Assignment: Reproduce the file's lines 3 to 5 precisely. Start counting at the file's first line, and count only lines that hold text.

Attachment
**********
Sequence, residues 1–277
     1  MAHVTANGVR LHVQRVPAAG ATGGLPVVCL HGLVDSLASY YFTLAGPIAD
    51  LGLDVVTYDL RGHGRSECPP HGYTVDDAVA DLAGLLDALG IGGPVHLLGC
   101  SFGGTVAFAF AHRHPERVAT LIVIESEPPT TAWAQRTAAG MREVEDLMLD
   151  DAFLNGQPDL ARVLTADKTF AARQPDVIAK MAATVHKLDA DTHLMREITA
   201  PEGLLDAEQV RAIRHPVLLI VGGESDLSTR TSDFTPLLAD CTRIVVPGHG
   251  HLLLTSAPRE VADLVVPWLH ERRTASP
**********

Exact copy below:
    51  LGLDVVTYDL RGHGRSECPP HGYTVDDAVA DLAGLLDALG IGGPVHLLGC
   101  SFGGTVAFAF AHRHPERVAT LIVIESEPPT TAWAQRTAAG MREVEDLMLD
   151  DAFLNGQPDL ARVLTADKTF AARQPDVIAK MAATVHKLDA DTHLMREITA